Must be IT proficient, detail oriented, creative, energetic, flexible, and able to manage multiple priorities. Some weekend and evening work required.
Some requirements for lifting, pushing, pulling items less than 30 pounds (such as placement of way-finding signs), distribution of partner materials, and operating golf carts. Use of general office equipment including computers, telephones, copiers, scanners, fax machines.
Internal Number: 716
About Chicago Botanic Garden
Mission and History
We cultivate the power of plants to sustain and enrich life.
The Chicago Botanic Garden opened more than 40 years ago as a beautiful place to visit, and it has matured into one of the world's great living museums and conservation science centers. Every year, more than one million people visit the Garden's 27 gardens and four natural areas, uniquely situated on 385 acres on and around nine islands, with six miles of lake shoreline. The Garden also has a renowned Bonsai Collection.
The Chicago Botanic Garden has 50,000 members—one of the largest memberships of any U.S. botanic garden. People of all ages, interests, and abilities participate in programs, take classes, and stroll the grounds year-round. Within the nine laboratories of the Garden's Daniel F. and Ada L. Rice Plant Conservation Science Center, scientists and graduate students conduct a wide array of plant research. The Garden is one of only 17 public gardens accredited by the American Association of Museums. Its Lenhardt Library contains 150,000 volumes—including one of the nation's best collections of rare botanical books.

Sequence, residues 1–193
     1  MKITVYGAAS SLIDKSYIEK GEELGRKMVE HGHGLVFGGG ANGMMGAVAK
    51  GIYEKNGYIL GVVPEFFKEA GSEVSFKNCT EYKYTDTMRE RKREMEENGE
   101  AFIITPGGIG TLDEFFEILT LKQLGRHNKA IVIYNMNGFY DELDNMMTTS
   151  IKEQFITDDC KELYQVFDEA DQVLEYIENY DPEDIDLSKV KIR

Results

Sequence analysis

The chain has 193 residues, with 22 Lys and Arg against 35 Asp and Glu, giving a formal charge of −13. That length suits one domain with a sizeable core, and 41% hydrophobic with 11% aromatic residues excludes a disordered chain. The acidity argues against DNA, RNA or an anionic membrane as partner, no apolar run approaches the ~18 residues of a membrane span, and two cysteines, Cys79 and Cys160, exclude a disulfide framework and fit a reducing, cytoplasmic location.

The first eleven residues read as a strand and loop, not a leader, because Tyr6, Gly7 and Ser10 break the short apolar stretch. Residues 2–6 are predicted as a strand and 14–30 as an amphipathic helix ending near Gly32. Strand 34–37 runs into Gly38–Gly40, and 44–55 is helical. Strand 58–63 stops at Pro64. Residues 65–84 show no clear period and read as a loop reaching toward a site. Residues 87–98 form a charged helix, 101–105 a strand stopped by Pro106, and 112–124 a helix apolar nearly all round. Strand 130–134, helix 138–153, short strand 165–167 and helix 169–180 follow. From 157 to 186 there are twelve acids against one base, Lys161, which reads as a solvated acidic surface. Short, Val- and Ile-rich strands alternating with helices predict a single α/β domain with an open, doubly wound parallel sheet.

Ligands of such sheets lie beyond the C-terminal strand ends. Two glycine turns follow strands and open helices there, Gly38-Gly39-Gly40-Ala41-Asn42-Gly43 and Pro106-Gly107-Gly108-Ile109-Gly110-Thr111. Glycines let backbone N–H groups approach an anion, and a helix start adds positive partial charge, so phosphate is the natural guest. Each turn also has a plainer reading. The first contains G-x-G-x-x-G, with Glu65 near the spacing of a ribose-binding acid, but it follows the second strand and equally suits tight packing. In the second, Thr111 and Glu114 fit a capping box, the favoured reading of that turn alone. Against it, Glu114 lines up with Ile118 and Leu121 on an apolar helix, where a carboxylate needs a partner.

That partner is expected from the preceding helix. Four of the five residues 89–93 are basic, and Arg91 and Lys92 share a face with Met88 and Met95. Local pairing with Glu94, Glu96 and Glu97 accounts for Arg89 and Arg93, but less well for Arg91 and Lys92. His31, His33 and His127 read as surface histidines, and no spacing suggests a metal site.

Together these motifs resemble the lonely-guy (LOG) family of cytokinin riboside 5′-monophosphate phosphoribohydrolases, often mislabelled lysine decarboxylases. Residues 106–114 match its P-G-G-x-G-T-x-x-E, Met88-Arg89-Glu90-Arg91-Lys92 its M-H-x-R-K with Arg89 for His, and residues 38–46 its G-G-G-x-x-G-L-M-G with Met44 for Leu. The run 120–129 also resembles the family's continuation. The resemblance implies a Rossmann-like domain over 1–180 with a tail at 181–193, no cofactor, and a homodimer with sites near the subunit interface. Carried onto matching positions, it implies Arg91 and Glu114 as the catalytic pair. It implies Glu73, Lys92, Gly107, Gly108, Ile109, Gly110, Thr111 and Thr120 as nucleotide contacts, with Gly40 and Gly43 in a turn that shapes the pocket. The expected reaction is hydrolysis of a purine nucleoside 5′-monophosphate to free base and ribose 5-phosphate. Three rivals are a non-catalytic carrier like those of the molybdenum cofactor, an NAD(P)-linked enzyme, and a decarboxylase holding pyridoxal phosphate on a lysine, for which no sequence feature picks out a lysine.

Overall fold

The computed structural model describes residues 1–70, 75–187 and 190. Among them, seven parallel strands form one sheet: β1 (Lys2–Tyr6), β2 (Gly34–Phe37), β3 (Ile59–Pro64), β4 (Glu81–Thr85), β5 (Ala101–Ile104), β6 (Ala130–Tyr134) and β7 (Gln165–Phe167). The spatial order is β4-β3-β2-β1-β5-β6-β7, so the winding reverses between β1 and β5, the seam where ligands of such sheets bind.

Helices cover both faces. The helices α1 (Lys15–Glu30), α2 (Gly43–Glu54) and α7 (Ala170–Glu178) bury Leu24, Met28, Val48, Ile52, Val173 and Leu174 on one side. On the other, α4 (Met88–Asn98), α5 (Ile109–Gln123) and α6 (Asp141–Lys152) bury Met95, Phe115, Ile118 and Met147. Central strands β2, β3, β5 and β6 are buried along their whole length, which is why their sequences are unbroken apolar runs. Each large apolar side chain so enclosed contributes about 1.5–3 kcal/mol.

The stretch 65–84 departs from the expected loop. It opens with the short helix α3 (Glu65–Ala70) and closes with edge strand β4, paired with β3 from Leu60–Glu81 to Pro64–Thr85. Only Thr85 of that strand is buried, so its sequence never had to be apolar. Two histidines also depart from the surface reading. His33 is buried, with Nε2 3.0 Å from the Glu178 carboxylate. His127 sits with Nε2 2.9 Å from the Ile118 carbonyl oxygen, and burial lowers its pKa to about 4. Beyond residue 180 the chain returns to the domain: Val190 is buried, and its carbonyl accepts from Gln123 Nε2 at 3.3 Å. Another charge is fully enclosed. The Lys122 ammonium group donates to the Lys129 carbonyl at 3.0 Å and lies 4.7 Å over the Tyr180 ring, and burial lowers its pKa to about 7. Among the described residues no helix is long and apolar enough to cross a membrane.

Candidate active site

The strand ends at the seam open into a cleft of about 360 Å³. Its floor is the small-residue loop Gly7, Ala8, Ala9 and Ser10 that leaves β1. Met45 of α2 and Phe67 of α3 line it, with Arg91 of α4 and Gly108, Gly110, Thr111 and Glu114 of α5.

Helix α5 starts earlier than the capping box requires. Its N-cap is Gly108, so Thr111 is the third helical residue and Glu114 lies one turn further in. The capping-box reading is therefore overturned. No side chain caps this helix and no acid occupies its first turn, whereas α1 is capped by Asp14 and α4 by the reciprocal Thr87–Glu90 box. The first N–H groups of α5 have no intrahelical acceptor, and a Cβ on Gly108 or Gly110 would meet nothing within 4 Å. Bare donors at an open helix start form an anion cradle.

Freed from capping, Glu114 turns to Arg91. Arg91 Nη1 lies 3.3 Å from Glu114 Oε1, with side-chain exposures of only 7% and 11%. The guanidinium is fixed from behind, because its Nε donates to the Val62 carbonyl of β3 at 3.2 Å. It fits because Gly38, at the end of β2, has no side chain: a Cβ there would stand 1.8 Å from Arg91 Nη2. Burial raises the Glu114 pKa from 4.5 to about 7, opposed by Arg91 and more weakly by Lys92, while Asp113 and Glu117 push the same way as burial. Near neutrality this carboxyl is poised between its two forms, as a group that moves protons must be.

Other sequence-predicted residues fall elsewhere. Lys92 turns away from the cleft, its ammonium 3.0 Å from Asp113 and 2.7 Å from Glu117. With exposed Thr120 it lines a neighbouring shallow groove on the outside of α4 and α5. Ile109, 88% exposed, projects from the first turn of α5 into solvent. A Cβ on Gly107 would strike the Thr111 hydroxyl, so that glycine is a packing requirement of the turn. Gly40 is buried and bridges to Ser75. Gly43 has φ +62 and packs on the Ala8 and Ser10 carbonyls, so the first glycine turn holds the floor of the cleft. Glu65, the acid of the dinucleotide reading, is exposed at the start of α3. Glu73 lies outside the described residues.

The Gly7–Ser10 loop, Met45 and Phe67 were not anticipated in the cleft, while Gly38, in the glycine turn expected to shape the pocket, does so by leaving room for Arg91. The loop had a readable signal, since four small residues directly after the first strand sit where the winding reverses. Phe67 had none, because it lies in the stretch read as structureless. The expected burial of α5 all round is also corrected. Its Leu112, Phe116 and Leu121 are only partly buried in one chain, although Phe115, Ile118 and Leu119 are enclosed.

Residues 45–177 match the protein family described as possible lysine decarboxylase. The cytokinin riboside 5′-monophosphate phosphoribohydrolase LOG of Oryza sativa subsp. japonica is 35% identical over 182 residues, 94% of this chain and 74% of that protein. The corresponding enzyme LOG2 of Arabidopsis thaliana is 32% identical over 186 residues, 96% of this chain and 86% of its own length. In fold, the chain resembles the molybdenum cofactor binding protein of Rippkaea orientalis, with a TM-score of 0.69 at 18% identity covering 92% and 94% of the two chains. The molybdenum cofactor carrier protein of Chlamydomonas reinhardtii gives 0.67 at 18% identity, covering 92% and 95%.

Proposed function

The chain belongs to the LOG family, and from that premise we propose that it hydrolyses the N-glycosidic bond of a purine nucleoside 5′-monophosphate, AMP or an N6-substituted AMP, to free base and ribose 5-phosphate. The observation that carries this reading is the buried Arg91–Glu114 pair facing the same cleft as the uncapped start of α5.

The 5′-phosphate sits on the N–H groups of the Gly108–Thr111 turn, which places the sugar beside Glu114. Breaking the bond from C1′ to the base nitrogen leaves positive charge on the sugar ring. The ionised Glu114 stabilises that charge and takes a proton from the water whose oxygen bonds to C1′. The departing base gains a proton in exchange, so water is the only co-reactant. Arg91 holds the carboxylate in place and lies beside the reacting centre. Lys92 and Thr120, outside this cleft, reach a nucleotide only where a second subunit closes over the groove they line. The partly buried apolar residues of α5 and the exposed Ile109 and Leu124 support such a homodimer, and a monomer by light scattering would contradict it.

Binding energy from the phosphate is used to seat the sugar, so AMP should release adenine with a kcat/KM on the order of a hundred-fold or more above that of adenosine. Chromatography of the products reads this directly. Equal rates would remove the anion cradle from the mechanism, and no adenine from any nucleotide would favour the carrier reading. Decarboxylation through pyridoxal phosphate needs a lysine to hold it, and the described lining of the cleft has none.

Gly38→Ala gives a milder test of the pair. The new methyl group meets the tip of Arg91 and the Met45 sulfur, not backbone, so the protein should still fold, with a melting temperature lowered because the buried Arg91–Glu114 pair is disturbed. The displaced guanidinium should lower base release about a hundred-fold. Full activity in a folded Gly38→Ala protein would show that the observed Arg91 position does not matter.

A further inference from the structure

The Chicago Botanic Garden traces its origins back t...o the Chicago Horticultural Society, founded in 1890. Using the motto Urbs in Horto, meaning "city in a garden," the Society hosted nationally recognized flower and horticultural shows; its third was the World's Columbian Exposition Chrysanthemum Show, held in conjunction with the world's fair held in October 1893.
After a period of inactivity, the Chicago Horticultural Society was restarted in 1943. In 1962, its modern history began when the Society agreed to help create and manage a new public garden. With the groundbreaking for the Chicago Botanic Garden in 1965 and its opening in 1972, the Society created a permanent site on which to carry out its mission. The Garden today is an example of a successful public-private partnership. It is owned by the Forest Preserve District of Cook County and operated by the Chicago Horticultural Society.
From its founding, the Garden has hired leading architects, beginning with John O. Simonds and Geoffrey Rausch, who created the master plan. Edward Larabee Barnes designed the Education Center in 1976, known today as the Regenstein Center. The Japanese Garden, Sansho-En, was designed by Dr. Koichi Kawana in 1975 and dedicated in 1982 (today it is the Elizabeth Hubert Malott Japanese Garden). Dedicated in 1991, the English Walled Garden was designed by British landscape designer John Brookes. The Plant Science Center, which opened in 2009, was the work of designer/architect Booth Hansen. Throughout its existence, the Chicago Botanic Garden has developed gardens and educational facilities with a meticulous eye toward its original mission.